Also some good discussion of what has been lost with the East Agriculture program and what is being done to regain at least parts of that. Ahh, budget cuts.
The Plan to Align the Work of the Administration to the District’s Mission and Strategic Plan – the Reorganization Plan, (PART 1, PART 2, PART 3) was the only item to not be passed by a 7-0 vote; Lucy Mathiak and Maya Cole dissenting.
Concerns included the many unanswered questions about what large parts of this will mean in practice, the sustainability of funding the new structures (although there are real savings associated in the long run — as well as the illusory “savings” of using fund equity to pay for the last contract year in positions being eliminated), the salary and job description for the Chief Learning Officer and how this relates to revised duties for the Superintendent, the process of implementation and filling positions…lots of questions.
I think the discussion and the vote revealed a fairly wide range of positions among the Board on how much deference should be given to the administration on this and other matters; more varied than the 5-2 vote indicates. I tend to side with those who lean away from deference and toward direction from the Board, but these are delicate maters and both direction and deference are appropriate in different situations. In this case, I think the administration should have had more in place prior to asking for formal approval.
Badger Rock Charter School Planning Grant Application, passed 70, with a reminder that financials may need to be redone due to possible budget cuts that will change the allocations that served as the basis.
Lindbergh Elementary Community Garden Proposal, passed 7-0 with an amendment allowing the Board to review and sunset.
MSCR Proposed Budget Reductions and Efficiencies for 2010-11. Some interesting back-and forth here, prompted by Johnny Winston and revealing that there doesn’t seem to be anything in the works on different options related to MSCR budget cuts. My guess is there will be soon. Also talk of advertising revenue as a possibility. On the Fee Increases there was a request for comparative information from other providers. I’m not clear if this meant things like the YMCA, the Princeton Club, or other public entities in other locales.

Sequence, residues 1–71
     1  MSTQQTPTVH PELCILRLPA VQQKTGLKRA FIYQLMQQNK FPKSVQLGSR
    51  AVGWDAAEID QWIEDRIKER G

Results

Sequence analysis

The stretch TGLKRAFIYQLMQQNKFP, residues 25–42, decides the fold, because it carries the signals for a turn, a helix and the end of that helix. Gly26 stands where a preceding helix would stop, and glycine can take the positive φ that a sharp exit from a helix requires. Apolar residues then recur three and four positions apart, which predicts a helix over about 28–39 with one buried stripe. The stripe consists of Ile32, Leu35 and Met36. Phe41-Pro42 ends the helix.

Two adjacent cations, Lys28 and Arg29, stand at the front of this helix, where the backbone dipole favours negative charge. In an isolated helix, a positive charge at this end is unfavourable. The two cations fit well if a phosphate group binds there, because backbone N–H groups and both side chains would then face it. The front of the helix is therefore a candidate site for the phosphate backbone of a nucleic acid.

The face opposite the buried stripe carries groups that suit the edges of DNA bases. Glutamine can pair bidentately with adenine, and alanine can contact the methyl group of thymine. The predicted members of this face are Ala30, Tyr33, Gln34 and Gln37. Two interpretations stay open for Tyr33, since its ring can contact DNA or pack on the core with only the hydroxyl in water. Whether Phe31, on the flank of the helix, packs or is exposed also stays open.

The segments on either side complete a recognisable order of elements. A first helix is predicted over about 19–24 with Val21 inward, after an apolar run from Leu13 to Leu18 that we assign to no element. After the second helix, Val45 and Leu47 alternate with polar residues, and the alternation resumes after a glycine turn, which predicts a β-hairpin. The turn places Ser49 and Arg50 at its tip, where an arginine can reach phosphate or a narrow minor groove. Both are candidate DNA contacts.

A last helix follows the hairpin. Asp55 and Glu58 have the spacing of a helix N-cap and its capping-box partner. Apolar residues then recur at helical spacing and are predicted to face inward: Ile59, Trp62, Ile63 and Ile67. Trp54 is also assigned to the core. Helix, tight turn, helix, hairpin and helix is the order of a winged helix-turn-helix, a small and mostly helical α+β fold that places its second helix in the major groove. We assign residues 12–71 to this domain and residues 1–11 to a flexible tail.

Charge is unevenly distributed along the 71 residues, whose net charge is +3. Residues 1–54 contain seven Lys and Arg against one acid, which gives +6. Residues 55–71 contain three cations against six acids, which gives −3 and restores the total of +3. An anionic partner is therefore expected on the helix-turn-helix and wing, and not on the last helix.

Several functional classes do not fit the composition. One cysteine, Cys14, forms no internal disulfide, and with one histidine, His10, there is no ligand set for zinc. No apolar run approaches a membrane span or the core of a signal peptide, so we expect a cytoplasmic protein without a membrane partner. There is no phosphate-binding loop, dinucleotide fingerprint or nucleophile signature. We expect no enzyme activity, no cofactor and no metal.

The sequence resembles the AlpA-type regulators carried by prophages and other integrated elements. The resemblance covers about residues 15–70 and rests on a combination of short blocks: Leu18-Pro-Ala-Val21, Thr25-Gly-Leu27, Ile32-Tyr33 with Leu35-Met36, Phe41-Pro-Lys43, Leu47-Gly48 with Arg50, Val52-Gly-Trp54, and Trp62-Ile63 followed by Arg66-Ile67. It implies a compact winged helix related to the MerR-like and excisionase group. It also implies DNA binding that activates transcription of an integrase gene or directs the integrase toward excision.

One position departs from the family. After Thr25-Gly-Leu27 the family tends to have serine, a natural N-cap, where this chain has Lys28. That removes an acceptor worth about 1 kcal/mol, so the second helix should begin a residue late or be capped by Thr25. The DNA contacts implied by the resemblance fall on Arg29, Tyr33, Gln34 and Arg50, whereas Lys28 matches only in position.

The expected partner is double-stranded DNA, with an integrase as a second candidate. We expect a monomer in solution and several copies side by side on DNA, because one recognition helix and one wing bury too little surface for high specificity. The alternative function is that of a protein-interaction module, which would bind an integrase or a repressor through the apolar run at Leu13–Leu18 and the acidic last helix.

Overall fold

In general, the MSCR things need a lot of attention in the Budget Process. I see many places where the proposed cuts would have a significantly adverse impact on education and other things that are important to our community and the Equity implications of some of this are staggering.
The Approval of the “Resolution Authorizing the Issuance and Sale of $28,590,000 Taxable General Obligation Refunding Bonds” (here, here and here) brought good news that the rate was lower than expected (5.09), meaning more savings. It was also nice to hear that the City of Madison was among the buyers.
As the budget goes forth with one option on the table being refinancing to put off about $4 million in payments — Budget Option 188, (Tier 1) — , and others such as the Reorg involving spending fund equity, I think it is essential that early on there be a full discussion of the advantages and disadvantages of these approaches in the long and short term, including a review of what has and has not been done in recent years in these areas. I asked for this last year too and it hasn’t happened.
Consent Agenda passed with little discussion.
Brenda Konkel has the Edgewater stuff covered in more detail than I”d do, so I’m leaving that alone, except to provide a clarification. Beth Moss’ comment about “avoiding what happened last time” isn’t really relevant to current matters, or is only relevant indirectly. The early closures of TIDs in 2008 provided an outside the Revenue Limits windfall to the district. However, the way that revenue was treated under state law in calculations for state aid prompted an aid reduction for 2009-10. These days, revenue limits are less important and (I think) that MMSD will be hit with the maximum in state aid reductions no matters what (I may be wrong, the TIF/TID thing might push us beyond the 15%). The one way this could come into play is if the TID is not expanded to include the Edgewater and closes early…it would be good to have clarification on how that plays out in relation to state aid prior to the vote by the Board on the project.
That’s it. Late, but more thorough than the “competition.”
Thomas J. Mertz